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Astoria Opens Radiation Center In Collaboration With OHSU


Chris Laman is the director of the cancer treatment collaboration between Columbia Memorial Hospital in Astoria and the Oregon Health & Science University Knight Cancer Institute.

He said for thousands of his cancer patients, radiation treatment used to mean day after day of four-hour drives.

“They have to make up to 35 trips to Portland or Longview and those are really on a daily basis,” he said. “And it’s a terrible hardship, especially in our rural settings where we have people who don’t really have the finances or means to make those trips.”

The 19,600-square-foot facility expands existing medical oncology and chemotherapy treatment services, and brings much-needed radiation oncology and radiation therapy to the north Oregon coast.

The 19,600-square-foot facility expands existing medical oncology and chemotherapy treatment services, and brings much-needed radiation oncology and radiation therapy to the north Oregon coast.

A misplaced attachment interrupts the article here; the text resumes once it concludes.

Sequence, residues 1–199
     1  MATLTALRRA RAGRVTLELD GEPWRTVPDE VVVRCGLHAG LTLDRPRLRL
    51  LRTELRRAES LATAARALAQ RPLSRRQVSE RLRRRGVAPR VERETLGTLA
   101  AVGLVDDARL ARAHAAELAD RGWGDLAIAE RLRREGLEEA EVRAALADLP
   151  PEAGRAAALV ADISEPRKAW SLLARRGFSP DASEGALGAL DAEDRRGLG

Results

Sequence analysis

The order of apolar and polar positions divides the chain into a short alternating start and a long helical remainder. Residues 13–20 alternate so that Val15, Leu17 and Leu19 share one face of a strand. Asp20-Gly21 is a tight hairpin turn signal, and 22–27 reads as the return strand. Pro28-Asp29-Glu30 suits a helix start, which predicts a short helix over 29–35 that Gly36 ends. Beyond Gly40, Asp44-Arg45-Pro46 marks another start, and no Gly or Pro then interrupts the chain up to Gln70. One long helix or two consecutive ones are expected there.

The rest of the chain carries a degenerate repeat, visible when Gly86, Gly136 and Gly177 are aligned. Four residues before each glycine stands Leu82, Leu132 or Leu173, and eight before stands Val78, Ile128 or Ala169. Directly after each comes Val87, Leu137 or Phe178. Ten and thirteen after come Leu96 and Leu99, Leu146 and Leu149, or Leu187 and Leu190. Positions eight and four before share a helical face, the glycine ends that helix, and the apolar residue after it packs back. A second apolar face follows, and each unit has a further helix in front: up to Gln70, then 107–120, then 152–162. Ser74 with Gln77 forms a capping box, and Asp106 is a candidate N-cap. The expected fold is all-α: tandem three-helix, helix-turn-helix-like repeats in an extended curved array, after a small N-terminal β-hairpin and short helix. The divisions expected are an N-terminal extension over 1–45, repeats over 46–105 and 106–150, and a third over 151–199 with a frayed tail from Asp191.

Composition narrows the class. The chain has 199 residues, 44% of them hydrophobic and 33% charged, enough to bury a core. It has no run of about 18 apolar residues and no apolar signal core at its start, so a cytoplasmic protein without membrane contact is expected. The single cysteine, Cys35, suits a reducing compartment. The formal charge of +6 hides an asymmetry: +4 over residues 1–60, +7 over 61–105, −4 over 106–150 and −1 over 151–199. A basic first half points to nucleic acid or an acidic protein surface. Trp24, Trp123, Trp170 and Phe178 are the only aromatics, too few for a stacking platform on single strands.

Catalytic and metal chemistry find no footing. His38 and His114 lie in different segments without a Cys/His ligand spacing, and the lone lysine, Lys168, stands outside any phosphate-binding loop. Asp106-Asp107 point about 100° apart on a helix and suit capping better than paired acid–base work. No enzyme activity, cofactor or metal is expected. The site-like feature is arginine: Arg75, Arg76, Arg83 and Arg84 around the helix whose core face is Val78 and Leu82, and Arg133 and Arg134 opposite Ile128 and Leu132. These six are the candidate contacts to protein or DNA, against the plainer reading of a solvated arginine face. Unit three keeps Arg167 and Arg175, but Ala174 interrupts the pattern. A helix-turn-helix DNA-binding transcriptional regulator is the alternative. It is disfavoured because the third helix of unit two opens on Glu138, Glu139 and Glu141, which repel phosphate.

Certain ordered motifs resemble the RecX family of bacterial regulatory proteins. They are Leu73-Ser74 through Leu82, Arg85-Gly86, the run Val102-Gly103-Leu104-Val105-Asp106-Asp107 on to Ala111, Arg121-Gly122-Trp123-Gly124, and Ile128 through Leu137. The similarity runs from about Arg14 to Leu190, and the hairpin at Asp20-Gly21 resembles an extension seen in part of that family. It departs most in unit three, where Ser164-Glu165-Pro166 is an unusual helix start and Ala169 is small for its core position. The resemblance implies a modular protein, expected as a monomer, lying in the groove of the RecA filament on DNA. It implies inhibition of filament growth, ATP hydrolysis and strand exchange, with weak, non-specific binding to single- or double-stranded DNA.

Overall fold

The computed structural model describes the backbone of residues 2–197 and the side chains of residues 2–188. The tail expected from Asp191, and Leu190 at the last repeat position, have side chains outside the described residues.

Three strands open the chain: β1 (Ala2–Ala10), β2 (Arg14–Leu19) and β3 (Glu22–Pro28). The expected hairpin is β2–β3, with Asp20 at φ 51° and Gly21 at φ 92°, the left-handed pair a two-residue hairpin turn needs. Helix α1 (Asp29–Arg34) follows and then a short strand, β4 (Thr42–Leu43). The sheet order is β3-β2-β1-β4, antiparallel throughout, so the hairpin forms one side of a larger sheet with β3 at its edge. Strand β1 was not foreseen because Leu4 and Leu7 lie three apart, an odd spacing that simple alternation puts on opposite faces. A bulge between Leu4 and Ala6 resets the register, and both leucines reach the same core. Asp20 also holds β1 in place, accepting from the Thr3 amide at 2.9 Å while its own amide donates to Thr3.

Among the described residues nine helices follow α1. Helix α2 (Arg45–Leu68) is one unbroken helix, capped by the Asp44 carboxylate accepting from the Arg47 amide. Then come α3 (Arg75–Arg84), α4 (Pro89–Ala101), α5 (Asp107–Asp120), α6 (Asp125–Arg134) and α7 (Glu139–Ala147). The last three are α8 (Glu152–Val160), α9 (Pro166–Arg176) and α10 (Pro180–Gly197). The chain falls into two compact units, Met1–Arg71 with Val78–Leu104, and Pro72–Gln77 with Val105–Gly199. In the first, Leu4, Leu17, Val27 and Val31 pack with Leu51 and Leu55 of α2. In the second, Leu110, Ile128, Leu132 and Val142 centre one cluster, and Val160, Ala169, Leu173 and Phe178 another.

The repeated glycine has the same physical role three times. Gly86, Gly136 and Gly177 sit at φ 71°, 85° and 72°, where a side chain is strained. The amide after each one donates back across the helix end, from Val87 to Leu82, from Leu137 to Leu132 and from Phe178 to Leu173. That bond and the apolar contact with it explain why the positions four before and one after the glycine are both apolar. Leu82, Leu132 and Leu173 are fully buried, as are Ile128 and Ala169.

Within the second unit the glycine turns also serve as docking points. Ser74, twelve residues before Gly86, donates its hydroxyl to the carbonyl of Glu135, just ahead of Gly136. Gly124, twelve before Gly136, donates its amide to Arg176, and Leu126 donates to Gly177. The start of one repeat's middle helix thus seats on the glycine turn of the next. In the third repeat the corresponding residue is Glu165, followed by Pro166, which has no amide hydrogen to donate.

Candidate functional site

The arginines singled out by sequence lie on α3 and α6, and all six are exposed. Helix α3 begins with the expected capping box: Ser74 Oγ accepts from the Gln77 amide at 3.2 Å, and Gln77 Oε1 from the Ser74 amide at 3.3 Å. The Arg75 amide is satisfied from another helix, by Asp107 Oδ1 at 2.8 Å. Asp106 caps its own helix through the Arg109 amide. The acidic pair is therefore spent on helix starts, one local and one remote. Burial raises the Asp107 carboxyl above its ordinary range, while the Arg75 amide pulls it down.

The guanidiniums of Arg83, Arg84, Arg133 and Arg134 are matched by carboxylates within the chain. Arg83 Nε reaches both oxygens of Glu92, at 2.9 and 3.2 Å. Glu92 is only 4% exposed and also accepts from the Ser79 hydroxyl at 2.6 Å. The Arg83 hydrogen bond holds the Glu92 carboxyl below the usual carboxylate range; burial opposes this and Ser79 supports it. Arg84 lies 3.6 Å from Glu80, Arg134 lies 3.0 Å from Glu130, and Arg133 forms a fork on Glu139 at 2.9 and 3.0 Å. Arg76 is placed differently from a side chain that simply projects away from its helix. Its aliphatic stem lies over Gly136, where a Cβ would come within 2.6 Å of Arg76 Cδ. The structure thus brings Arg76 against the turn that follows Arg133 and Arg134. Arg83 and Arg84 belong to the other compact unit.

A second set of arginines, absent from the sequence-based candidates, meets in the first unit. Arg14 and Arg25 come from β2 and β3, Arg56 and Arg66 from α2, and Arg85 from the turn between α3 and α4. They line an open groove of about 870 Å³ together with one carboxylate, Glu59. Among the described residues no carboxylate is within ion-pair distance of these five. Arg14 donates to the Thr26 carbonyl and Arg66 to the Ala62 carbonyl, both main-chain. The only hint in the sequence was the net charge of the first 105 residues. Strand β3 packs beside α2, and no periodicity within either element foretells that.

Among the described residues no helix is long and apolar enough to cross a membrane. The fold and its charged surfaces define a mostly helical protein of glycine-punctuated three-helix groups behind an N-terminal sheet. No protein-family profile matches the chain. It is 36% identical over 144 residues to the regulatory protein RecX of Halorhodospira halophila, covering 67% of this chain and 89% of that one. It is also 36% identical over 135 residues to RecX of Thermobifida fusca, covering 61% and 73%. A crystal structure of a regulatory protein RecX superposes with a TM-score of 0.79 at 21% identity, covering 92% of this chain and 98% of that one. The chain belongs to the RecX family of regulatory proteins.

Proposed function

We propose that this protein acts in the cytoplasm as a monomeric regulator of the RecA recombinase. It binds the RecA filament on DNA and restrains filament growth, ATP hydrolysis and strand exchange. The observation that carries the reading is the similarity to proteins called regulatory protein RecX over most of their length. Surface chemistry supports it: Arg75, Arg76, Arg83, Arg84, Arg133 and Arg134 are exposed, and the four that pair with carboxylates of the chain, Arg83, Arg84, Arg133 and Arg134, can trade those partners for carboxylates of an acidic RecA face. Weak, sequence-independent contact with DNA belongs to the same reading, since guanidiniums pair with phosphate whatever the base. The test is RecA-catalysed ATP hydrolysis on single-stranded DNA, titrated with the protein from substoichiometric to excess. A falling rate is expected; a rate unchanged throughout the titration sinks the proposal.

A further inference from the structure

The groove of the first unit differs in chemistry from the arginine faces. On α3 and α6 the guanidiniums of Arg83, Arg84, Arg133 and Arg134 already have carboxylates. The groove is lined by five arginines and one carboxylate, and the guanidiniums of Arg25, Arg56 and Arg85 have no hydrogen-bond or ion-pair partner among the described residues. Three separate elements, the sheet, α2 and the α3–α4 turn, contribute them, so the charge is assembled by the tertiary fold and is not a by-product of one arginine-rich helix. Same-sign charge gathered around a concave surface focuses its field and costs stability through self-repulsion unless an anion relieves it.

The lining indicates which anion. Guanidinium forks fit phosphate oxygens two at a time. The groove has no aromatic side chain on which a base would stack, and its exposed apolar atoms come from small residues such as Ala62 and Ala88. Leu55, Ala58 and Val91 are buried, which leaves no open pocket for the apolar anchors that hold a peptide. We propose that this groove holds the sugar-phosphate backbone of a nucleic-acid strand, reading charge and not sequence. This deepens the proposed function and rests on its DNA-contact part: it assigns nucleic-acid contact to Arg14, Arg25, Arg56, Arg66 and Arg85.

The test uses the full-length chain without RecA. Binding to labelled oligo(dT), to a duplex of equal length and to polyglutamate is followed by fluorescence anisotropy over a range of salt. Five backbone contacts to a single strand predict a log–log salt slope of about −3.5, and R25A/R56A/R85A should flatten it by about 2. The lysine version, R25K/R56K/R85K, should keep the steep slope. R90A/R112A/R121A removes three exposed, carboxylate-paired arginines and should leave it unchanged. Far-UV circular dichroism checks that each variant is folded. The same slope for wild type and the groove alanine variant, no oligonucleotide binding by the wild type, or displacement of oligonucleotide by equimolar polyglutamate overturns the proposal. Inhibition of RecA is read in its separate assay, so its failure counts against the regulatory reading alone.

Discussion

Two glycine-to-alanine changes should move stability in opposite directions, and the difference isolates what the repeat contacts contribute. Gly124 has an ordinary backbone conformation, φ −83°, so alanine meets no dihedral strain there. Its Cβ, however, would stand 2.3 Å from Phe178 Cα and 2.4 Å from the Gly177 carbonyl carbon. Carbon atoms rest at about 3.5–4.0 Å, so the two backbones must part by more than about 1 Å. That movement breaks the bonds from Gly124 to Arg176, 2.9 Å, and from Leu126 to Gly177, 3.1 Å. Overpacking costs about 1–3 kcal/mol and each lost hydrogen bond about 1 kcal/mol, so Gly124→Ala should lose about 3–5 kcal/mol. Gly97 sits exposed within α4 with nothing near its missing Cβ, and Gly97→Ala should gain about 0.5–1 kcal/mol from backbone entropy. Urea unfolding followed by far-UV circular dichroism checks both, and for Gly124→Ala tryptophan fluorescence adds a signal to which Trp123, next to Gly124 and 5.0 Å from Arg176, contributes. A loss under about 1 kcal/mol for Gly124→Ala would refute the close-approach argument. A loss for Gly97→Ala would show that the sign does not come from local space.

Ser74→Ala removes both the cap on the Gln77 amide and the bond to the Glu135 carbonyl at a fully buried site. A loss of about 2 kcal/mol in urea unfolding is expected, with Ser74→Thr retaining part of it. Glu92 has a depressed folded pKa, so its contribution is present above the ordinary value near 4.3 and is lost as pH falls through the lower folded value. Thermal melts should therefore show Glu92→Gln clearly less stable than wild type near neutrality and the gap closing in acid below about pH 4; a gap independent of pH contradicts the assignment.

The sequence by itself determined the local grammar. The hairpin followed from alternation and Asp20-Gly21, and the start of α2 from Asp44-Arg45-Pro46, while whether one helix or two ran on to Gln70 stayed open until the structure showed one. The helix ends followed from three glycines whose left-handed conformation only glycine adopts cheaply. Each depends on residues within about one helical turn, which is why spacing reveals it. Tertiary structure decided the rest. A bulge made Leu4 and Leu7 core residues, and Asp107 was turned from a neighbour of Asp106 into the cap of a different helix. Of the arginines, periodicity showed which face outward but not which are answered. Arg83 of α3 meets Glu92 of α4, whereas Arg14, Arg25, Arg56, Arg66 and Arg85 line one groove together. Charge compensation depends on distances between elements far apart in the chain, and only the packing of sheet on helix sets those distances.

Kristyna Wentz-Graff/OHSU

But by working with local authorities, the hospital capped a dump and built a new school athletics center on top.

In exchange, the hospital got to build its radiation center on a school football field nearby. It’s expected to deal with 1,800 radiation therapy visits during its first year of operation.

In 2011, the Astoria Development Commission awarded Columbia Memorial and OHSU a $300,000 urban renewal grant to help pay for improvements in the Park Medical Building. That allowed the creation of the first cancer center, which offered medical oncology and infusion services.

The cancer center provides more than 3,500 office visits and 2,500 infusion and chemotherapy visits per year. Now that the CMH-OHSU Knight Cancer Collaborative has opened, those numbers are expected to increase to 5,700 office visits and more than 3,000 infusion and chemotherapy visits. 

OHSU Oregon Health & Sciences University

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